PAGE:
Paddington and Tower Bridge Moorings 19th December

The wind buffeted us lots last night, the fixing points on the pontoon were not ideal and then the gale was quite fierce. However we managed to sleep until a motorbike in the hospital carpark next to us set off a car alarm. Time to make the morning tea and climb back into bed. At about 7am a boat went past leaving the basin. Ah ha! were they a Winter Moorer or were they on the rings that had no names on them. Mick got dressed and went out to have a look. He returned five minutes later, “We’re moving!” We winded and pulled into the last possible mooring in the basin. We had to be a little bit creative with our ropes, but once sorted we could relax and have breakfast.


Our first view of the Thames today


Not a special bridge in the slightest!

Two tube trains to London Bridge and a walk down to the Thames. We had been invited for a cuppa on Dora May at Tower Bridge Moorings, where my friend Kathy from college lives. We wandered down Shad Thames which was the major influence for my final piece at college and then the moorings were in sight. The tide was nearly in and it was all quite rough on the Thames, very different to a canal mooring, especially as we had to climb over the bow to get on board.


Shad Thames such an atmospheric street

Kathy and Simon have lived on Dora May for a year and a half now. She is 101 years old and a rather lovely boat with a wheel house which has such an amazing view. After tea and mince pies we all set off for London Town. Mick stayed on one bus whilst Kathy and I headed to another then parted ways. You may think me mad but Oxford Street and Regents Street were beckoning for my Christmas shopping. Meanwhile Mick enjoyed his bus trip back to Lillian did a bit of wrapping of presents, posted some and went for a wander down Edgeware Road.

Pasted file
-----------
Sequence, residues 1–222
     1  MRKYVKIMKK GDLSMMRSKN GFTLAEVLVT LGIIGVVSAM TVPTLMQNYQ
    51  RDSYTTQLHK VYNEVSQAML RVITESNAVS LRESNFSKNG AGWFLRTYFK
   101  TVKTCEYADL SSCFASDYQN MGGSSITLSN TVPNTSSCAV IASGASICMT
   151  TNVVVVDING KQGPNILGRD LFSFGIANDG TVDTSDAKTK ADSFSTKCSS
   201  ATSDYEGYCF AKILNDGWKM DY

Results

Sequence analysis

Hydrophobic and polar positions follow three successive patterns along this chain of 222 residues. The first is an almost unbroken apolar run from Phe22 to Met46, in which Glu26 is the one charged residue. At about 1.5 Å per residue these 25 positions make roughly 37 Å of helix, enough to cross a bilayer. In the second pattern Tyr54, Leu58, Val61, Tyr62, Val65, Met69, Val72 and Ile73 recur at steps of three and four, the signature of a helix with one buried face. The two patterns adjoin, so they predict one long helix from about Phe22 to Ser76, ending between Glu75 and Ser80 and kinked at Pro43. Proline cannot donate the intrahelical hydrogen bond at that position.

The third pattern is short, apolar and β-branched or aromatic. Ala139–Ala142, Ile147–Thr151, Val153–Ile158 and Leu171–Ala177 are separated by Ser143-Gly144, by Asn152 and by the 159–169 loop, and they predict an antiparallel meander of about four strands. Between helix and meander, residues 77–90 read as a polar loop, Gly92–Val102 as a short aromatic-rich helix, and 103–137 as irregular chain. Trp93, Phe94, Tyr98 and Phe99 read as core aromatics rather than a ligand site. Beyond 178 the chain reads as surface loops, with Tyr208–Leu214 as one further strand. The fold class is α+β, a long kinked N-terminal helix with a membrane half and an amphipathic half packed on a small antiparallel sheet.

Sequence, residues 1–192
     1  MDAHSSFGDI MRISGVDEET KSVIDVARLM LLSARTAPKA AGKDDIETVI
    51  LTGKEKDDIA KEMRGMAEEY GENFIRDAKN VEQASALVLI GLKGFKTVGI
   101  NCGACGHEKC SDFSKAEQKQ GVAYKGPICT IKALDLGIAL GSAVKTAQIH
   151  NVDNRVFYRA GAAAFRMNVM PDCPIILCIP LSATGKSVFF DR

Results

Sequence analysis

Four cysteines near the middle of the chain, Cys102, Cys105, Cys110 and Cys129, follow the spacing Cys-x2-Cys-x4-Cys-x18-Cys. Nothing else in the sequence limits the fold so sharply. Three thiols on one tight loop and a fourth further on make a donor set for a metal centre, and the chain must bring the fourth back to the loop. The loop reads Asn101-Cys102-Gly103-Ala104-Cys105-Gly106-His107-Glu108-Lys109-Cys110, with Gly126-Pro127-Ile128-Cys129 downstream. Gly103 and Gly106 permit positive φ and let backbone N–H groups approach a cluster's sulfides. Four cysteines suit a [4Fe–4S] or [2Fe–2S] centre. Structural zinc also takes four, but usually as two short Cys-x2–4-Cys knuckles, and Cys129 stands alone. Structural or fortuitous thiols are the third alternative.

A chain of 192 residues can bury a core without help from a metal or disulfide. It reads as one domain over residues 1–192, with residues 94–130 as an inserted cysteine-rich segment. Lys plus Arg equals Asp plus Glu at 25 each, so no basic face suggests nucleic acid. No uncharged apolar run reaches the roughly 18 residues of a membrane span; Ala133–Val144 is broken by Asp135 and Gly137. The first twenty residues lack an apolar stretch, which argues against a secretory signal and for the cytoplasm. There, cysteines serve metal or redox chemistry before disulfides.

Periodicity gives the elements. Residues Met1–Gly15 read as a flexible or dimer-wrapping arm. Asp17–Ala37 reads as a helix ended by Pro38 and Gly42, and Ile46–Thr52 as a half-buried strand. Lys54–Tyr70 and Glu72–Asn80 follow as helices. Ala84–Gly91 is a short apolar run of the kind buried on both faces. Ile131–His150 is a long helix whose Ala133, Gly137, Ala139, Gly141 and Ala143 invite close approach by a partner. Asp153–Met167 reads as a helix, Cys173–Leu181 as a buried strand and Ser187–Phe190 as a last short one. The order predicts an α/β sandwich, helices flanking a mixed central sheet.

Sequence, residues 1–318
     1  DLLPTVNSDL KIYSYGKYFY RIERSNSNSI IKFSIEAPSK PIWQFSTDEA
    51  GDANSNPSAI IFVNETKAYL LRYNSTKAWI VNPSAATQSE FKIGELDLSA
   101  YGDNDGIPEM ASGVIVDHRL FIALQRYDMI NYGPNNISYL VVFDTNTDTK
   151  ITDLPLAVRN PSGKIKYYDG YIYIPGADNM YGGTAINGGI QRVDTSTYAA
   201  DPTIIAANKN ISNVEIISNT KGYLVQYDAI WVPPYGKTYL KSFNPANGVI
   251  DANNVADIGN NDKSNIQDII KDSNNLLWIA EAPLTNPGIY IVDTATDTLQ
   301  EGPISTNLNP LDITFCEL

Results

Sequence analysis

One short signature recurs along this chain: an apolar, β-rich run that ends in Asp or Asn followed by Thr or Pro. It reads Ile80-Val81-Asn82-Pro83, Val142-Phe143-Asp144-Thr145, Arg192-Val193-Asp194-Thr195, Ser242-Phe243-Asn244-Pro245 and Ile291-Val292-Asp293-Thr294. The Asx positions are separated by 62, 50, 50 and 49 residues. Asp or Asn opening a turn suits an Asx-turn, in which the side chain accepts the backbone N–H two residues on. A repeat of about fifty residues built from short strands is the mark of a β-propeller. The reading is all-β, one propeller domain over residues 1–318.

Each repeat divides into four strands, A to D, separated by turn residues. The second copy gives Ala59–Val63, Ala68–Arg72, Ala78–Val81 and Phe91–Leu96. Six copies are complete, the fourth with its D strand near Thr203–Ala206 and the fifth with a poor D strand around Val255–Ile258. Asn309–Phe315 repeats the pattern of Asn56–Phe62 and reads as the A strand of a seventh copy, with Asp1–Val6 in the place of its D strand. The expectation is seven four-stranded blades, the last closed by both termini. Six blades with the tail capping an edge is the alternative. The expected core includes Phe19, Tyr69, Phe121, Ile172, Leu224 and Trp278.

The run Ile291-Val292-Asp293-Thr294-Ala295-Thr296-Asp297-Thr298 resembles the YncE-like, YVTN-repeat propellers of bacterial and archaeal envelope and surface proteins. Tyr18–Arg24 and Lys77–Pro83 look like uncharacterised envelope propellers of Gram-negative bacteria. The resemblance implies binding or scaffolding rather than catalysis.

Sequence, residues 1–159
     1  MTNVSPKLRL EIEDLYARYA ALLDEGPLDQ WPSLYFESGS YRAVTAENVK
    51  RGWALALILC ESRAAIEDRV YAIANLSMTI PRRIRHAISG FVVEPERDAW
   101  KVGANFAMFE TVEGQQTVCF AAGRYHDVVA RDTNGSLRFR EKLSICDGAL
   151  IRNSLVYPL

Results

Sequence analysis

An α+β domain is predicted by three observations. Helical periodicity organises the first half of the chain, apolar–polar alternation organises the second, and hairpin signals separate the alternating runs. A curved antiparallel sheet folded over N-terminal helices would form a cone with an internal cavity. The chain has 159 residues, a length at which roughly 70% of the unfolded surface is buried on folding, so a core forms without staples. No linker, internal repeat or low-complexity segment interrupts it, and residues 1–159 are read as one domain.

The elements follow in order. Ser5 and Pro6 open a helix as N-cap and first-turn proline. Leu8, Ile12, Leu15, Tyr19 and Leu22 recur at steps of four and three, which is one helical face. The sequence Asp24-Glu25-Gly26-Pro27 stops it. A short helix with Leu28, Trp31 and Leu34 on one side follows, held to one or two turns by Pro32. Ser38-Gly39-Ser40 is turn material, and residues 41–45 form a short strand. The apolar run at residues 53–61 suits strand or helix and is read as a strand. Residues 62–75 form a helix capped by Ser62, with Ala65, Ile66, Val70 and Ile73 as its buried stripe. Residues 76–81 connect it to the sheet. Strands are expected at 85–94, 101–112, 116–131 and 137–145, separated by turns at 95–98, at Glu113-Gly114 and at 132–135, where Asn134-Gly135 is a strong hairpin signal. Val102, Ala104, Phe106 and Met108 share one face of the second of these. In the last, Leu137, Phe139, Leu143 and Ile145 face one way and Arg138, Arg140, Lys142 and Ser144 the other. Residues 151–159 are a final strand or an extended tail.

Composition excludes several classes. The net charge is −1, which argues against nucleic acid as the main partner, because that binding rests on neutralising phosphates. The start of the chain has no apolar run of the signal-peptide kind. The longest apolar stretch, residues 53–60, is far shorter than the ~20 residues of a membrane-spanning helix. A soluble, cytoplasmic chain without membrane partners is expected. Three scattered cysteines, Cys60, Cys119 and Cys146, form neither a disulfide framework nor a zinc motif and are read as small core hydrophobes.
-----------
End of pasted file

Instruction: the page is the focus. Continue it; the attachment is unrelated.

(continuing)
Dora May with Father Christmas trapped in the wheelhouse. Hope he manages to get out before next Wednesday!

There is no green here! This morning I lost a bet by not getting off the boat. This evening the wager was doubled, I lost again! When it was doubled to £4 million I made sure all four paws left the boat and were placed firmly on solid ground for all of five seconds before returning to Lillian. I am solvent again.


Kathy and Pip at Tower Bridge Moorings on one of the garden boats.

This evening some present wrapping has happened, and the silver ribbon I’d bought for presents has now become my tinsel and is decorating the boat. The guiding light has been lit and is up in the pram cover. We just need fairylights in the cratch and Lillian will be fully festive.

0 locks, 150 yards, 1 wind, 3  tubes, 2 buses, 1 slightly green Pip, 5 presents bought, 2 posted, 1 million pounds richer!


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